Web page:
Alden has accomplished extraordinary things. He became a nationally-ranked rower, a 3-time Navy SEAL platoon commander, an entrepreneur with over 40 patents, and CEO of the fastest growing consumer products company in America (2009, INC Magazine).
This is more remarkable when you learn Alden started as an uncoordinated asthmatic. Then he learned about perseverance: Alden became an Olympic Festival rower, a stand-out at the US Naval Academy, a #1 ranked Navy SEAL platoon commander, a top MBA student at Carnegie Mellon, and an INC 500 CEO.
Today, you’ll find some of his lessons learned in his books and through his keynotes. Alden is well-known for his charisma, riveting storytelling, and leadership-focused frameworks. Stay tuned for some of his favorite unstoppable, inspirational, motivational keynote presentations.
Drown proofing is not a tactical purpose, it’s a strategic purpose because they want to see if you want to do this bad enough to overcome what your mind thinks is impossible—limits that you don’t even know you’ve set for yourself. It’s all about your taking control of what you can do.
Remember, your dreams are going to put you in really scary places, and that’s okay. It’s okay that you don’t know what you’re doing—that’s normal. It’s normal to be scared go out there go after those dreams. You have to understand that your life is up to you—the actions that you can control when you connect your head and your heart. It not only magically starts pushing you forward, but you’ll start attracting some other people that will buy into your dream. When that happens, then you’re unstoppable; so go dream those big dreams, give it all you’ve got, empty the tank. When the big man upstairs comes knocking someday—and I hope it’s a long time from now—you can look at him with no regrets and say I lived the life that I loved—I gave it all. You go…be unstoppable!
If you think about what a brand really stands for – if you really drill down to what your business is all about – it’s about a promise. It’s about a promise to two different types of people – people inside your company who are you’re your employees and people outside your company who are your customers. As the world gets more complex, you have to get more simplified in the messaging of what it’s all about. Your homework is to think about what your real promise is. Do your employees and your customers know what the promise of your company is? Do you have a process as you go through the scale up that allows people to embrace and galvanize them to your promise?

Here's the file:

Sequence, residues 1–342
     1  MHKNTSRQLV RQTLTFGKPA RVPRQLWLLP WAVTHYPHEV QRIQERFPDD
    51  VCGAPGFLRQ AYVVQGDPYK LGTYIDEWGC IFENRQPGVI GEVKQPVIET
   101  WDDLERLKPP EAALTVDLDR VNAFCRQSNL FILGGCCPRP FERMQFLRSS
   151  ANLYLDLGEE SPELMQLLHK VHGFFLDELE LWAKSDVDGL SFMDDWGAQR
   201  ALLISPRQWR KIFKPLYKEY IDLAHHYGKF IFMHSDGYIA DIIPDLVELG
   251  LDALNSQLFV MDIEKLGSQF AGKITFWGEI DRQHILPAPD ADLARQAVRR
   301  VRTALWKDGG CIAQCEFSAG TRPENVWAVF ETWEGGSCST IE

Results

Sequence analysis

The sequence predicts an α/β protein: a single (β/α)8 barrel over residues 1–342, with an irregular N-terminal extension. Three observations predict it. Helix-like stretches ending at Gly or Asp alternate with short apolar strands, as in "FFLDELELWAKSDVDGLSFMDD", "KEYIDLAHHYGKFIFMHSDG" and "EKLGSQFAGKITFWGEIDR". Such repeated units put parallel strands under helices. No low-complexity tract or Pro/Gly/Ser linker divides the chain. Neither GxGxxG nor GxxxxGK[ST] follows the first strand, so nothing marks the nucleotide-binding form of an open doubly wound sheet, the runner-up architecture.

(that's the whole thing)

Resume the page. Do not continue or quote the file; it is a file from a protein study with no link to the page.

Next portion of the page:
A favorite quotation of mine from Henry Ford is “Whether You Think You Can, or Think You Can’t … You’re Right.” That’s one of the key things that they do in SEAL training—they spend so much time teaching you that your body obeys your brain. They call the body the weapons platform—your body is a brain-housing group. In SEAL team, they don’t give you a single gun—they don’t give you anything of any worth—until they can teach you to sit in that cold water and learn that the body obeys the brain—they want you to understand that concept.
For “Be Unstoppable,” I knew I wanted to write something that was engaging—a fun, interesting fable that uses the context of an individual’s boat as their metaphor for life. Over time, you can make improvements to your boat from the seaside fictitious village where so many people in life never leave the harbor. They don’t want to leave the safety of it because leaving the harbor—leaving land and having no horizon—is a lot of kind of what it feels like when you’re starting a business for the first time or you going off and doing something you’ve never done before. I wanted everything to be about persistence—figuring out how to get up and keep going every day when other people are not cheering for you and you’re getting frustrated and you’re thinking that it’s time to give up. I wanted that to be a message for my boys and anybody else who read it to say, “You know guys, it’s darkest before dawn.” Dig in, and if you’re really fired up about this, don’t you dare give up—figure out another way to get over the obstacle.
The Murph challenge is inspired by a Navy SEAL platoon commander, Michael P Murphy. We called him Murph—he received our nation’s highest decoration the Medal of Honor for actions while serving in Afghanistan saving his teammates’ lives. The Murph challenge is what he called his favorite workout otherwise known as the Navy SEAL body of armor workout. This is not an easy exercise—it consists of five parts: a one-mile run, 200 pull-ups, 200 push-ups, and 300 air squats, followed by another one-mile run. So what do you say—up for the challenge?
Three miles—that’s how far you can see if you’re a 6-foot-tall person standing at sea level on the water’s edge. When you’re looking at the horizon, the area that you focus on the most is the comfort zone—the known area. Past the horizon is the unknown area, and that’s the area that’s hard because you don’t know what’s out there. It’s that scary area where there could be sharks—there can be competition—you know it’s coming, but you have to make a decision. You have to make a decision to adjust your focus to go past the horizon.
In today’s hard-charging world, success is determined by your ability to build and lead teams. There’s no greater challenge than galvanizing people into teams that are equipped to solve problems, overcome hurdles, and simply do more.
Alden—through surprising stories and lessons from his many years as founder and CEO of the fastest-growing consumer products company in America, as well as his tenure as a three-time Navy SEAL platoon commander—shares the 4 pillars he uses to develop Unstoppable Teams. You’ll also get his C.A.R.E.-based leadership framework, which will make it easier for you to discover new passion for leading and building teams.